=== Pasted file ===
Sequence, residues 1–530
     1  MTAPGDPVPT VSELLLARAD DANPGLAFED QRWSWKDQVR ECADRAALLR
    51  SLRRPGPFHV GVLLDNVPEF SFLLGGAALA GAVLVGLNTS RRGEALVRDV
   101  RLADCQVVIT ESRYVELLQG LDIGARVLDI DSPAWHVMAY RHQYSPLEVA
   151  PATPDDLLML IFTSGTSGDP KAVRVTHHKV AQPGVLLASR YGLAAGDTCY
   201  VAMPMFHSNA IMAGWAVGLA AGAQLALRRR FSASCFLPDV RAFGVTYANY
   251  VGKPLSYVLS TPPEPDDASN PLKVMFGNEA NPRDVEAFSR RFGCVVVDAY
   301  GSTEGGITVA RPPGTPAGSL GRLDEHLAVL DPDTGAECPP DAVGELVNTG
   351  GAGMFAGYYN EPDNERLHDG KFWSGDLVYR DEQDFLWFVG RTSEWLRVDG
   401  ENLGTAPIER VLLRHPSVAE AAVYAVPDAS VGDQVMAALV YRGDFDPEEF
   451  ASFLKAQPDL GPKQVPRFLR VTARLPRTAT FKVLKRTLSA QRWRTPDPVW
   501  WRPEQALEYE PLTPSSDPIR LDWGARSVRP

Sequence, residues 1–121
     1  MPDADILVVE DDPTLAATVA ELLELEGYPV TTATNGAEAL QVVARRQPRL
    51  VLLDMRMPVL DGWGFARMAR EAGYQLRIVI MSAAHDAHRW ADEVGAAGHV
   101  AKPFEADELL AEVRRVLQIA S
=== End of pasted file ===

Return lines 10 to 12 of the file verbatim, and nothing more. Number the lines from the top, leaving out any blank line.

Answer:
   401  ENLGTAPIER VLLRHPSVAE AAVYAVPDAS VGDQVMAALV YRGDFDPEEF
   451  ASFLKAQPDL GPKQVPRFLR VTARLPRTAT FKVLKRTLSA QRWRTPDPVW
   501  WRPEQALEYE PLTPSSDPIR LDWGARSVRP